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Nora lesion (bizarre parosteal osteochondromatous proliferation): An ultrasound diagnosis with magnetic resonance imaging correlation

1 Department of Radiology, General Hospital of Ioannina, Ioannina, Greece
2 Department of Radiology, University Hospital of Ioannina, Ioannina, Greece
3 Department of Radiology, Miyazaki Konan Hospital, Otsubo-Nishi, Miyazaki, Japan

Correspondence Address:
Daphne J Theodorou,
13 Papadopoulos Street, Ioannina 45444
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Source of Support: None, Conflict of Interest: None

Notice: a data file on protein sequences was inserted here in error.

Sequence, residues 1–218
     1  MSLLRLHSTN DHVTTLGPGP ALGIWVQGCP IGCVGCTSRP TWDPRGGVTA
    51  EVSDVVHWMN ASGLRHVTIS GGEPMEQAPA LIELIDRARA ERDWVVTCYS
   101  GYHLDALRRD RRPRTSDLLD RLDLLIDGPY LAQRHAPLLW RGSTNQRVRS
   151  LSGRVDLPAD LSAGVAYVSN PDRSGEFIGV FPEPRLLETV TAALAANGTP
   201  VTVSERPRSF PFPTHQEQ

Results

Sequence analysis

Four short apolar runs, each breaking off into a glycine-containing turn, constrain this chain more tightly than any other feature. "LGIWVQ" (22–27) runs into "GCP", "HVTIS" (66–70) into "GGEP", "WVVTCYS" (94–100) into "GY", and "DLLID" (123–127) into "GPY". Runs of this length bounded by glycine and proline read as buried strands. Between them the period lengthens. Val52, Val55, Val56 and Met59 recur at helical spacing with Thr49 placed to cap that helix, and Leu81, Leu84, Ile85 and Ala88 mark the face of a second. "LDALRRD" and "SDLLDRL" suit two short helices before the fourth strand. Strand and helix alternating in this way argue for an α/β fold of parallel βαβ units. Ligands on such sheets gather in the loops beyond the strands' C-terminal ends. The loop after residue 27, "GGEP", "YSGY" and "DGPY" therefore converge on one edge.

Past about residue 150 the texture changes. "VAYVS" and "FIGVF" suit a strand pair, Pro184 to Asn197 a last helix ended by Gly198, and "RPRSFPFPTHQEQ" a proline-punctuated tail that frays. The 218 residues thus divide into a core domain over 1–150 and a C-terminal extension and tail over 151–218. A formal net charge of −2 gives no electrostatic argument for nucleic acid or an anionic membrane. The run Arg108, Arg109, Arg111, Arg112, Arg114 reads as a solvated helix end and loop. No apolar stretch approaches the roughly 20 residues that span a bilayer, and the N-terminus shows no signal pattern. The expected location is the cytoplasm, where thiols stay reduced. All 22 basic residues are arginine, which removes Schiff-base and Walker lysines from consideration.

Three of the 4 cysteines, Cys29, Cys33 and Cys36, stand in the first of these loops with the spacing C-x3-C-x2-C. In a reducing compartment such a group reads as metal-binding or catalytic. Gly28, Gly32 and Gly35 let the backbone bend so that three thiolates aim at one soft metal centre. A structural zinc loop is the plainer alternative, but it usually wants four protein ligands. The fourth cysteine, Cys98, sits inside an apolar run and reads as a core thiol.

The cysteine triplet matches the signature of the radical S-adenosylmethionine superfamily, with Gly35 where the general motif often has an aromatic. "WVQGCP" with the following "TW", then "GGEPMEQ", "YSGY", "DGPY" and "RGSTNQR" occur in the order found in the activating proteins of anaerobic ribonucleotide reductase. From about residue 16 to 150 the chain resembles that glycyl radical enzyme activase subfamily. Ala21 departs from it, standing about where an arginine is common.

Advanced cross-sectional imaging techniques are firmly established as a means of evaluating musculoskeletal disease, and ultrasound (US) is increasingly being used for the assessment of a diversity of tendon, joint, and soft-tissue abnormalities. A benign condition – bizarre parosteal osteochondromatous proliferation (BPOP) – arises from the periosteum, typically in the small bones of the hands and feet, and grows as a surface bone lesion in the surrounding soft tissue. Proliferations can become symptomatic, exercising mass effect on adjacent structures that may require operative management. As a bone-forming process, BPOP may occasionally assume worrisome histologic features that mimic sarcoma, and a pronounced tendency to recur after primary excision. A solitary mass was growing in the middle finger of a young woman that curtailed proper hand function. With US, a partially ossified formation was revealed in the proximal phalanx situated on the outer surface of the bone. There was faint acoustic shadowing distal to the lesion, and a hypoechoic halo was seen covering part of the abnormal tissue growth. Importantly, the lesion caused significant limitation of motion of the finger, on the dynamic flexion US images with the displacement of the flexor tendon and compression of a digital nerve. To restore the range of motion in the finger, surgical excision of the juxtacortical mass was performed and histology yielded a diagnosis of BPOP. We describe the US features of digital BPOP, which were found to correspond closely to those of computed tomography and magnetic resonance imaging.

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